CSP members will pay an extra £16 a year to register with the Health and Care Professions Council (HCPC), an increase the CSP believes is unjustified.
The physiotherapy profession’s regulatory body ‘reluctantly’ agreed to increase the registration renewal fee from £90 to £106 per year at its council meeting on 14 February.
CSP director Natalie Beswetherick said: ‘Members will be angered by the council’s decision. HCPC says it is was mindful of the economic environment that registrants are working in, however this concern is not reflected in their decision.’
The renewal period for physiotherapists starts on 1 February 2020.
The CSP put in a ‘robust response’ to the proposals when they went out to consultation at the end of last year saying the 17.8 per cent increase was ‘wholly disproportionate’.
Ninety per cent of the 2,398 individuals who submitted their views said ‘no’ to the proposed fees hike.
Physios top the respondees
Physiotherapists were the largest group responding to the consultation – at 25 per cent of the total.
The HCPC said it would be financially ‘unsustainable’ if the proposals did not go ahead and unveiled a raft of cost-cutting measures including deleting the £5,000 spent on the staff Christmas lunch.
A HCPC spokesperson said: ‘This decision was carefully considered and followed an in-depth analysis of the responses to the consultation.
‘Council recognised that the majority of respondents disagreed with proposals to increase the renewal fee and explored the concerns of many organisations and the individual registrants who responded.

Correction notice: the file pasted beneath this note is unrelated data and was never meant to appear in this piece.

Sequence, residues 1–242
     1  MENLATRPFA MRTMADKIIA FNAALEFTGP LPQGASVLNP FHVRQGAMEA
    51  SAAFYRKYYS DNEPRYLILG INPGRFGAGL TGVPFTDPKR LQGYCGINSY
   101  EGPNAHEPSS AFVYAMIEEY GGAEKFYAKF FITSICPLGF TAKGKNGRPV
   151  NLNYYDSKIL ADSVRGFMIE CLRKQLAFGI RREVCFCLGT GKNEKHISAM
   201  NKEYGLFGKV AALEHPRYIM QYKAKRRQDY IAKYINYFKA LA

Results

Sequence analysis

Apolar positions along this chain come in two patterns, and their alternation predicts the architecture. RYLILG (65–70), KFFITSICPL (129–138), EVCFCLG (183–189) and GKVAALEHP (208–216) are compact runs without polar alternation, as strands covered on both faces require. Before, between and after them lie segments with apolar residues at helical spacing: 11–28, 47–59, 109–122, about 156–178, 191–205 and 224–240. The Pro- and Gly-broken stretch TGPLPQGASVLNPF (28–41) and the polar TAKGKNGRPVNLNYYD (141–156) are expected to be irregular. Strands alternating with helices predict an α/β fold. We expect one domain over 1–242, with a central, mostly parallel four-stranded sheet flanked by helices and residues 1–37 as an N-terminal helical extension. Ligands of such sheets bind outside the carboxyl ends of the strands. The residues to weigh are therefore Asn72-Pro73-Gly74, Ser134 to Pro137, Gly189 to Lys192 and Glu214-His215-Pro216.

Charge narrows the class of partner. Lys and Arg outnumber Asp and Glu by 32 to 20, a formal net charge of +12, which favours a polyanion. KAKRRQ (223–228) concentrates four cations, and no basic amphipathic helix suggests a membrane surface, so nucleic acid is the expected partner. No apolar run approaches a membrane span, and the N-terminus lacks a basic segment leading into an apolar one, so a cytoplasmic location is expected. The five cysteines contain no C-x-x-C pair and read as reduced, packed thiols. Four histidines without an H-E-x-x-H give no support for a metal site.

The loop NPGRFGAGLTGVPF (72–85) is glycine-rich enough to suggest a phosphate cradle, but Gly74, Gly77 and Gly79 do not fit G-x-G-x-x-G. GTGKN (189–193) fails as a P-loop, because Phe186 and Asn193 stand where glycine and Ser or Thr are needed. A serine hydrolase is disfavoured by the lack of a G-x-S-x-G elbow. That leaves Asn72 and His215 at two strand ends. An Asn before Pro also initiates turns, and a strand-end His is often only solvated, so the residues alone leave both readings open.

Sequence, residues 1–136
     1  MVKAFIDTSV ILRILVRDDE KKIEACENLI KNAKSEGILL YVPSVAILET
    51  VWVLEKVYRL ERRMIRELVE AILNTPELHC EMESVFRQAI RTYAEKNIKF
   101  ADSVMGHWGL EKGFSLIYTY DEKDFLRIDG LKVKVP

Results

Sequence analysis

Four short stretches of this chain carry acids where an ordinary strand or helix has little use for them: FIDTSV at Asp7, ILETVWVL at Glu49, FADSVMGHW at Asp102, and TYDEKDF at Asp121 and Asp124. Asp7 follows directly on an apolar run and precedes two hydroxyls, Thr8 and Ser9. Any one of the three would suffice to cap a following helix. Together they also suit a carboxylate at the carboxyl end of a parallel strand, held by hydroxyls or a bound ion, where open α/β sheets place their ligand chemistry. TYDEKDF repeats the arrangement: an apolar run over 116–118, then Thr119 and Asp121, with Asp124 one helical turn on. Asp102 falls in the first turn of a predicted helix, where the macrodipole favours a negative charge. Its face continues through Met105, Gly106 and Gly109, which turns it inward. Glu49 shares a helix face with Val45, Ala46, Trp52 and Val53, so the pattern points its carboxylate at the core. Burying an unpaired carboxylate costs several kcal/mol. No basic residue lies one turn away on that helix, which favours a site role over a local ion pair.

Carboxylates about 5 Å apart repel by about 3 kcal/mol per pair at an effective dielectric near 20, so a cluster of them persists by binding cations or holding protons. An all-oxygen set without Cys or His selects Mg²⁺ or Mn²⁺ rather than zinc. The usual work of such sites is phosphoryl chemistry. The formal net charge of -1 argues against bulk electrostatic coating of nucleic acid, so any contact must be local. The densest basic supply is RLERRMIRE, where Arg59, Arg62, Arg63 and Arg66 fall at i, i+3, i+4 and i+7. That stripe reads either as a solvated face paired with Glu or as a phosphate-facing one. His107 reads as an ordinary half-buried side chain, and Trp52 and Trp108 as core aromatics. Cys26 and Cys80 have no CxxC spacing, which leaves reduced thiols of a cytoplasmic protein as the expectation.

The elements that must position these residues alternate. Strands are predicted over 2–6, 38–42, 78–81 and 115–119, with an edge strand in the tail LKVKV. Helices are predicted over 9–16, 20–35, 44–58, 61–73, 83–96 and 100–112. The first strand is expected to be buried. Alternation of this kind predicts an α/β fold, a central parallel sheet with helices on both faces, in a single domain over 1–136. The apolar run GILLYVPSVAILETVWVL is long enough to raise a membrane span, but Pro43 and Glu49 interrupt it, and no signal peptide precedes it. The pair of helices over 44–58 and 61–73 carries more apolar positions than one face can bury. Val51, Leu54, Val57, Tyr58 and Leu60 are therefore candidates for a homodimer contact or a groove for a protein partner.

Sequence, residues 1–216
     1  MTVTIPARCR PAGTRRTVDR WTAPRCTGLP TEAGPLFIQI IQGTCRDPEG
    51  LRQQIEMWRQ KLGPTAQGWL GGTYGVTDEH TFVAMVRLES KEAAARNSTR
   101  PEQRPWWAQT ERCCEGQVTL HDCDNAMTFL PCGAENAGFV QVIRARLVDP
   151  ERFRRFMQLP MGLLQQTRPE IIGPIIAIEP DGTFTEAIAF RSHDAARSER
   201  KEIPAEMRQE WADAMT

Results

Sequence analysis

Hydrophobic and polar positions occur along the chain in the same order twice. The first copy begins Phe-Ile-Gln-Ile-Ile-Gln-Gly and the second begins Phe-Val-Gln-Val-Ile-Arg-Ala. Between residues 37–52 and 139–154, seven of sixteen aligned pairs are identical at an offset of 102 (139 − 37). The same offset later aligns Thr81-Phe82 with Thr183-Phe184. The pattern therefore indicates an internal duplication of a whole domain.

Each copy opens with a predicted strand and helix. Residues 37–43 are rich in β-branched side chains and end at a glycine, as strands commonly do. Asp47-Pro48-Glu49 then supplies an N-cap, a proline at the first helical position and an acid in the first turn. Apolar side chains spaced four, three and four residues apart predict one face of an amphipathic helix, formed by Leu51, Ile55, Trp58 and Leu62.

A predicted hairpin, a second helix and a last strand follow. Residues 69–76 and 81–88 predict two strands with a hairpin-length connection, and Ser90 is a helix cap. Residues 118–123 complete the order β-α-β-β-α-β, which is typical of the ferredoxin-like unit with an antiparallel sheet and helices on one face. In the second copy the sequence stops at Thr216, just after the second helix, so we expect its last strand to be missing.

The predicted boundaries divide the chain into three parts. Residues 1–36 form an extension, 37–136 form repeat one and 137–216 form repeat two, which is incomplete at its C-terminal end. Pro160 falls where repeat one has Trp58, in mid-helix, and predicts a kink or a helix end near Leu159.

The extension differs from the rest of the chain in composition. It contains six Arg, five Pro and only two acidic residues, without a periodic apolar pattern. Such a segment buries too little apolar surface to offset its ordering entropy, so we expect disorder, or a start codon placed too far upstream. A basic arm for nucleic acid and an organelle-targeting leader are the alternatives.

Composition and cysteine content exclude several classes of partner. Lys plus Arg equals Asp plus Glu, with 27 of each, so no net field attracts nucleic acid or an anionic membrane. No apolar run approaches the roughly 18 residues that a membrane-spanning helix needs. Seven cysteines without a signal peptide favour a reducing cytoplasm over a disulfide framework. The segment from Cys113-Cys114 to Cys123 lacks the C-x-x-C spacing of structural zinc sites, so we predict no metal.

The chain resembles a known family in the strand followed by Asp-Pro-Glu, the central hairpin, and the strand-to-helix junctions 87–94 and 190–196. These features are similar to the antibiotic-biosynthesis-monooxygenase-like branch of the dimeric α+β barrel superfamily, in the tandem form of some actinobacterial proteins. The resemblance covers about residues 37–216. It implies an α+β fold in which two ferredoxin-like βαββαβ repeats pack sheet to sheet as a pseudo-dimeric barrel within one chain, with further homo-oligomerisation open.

‘However, council agreed the need to safeguard HCPC’s financial sustainability, to ensure that it can continue to fulfil its statutory role to protect the public and its commitment to meet the expectation of stakeholders.’
HCPC chief executive Marc Seale said: ‘We are very sensitive to the concerns of respondents and recognise the strength of views expressed. We are also very aware of the economic context in which our registrants and the HCPC operate.
‘We have, therefore, identified cost reductions and income generation opportunities to minimise the impact of these increases.’
Lowest fee remains
As a self-financing regulator the HCPC does not receive any ongoing funding from other sources, Mr Seale said, and has the lowest fee of all the independent UK health and care regulators.
‘This decision means we can continue to invest in our regulatory performance, specifically our efforts to reduce the length of time fitness to practise investigations take and develop our registration services to meet modern-day expectations.
‘It also enables us to meet the HCPC’s commitment to move away from the existing reactive model of regulation, to one where we proactively help to prevent problems arising in registrants’ professional practice, reducing the burden and stress for all involved in the process.’
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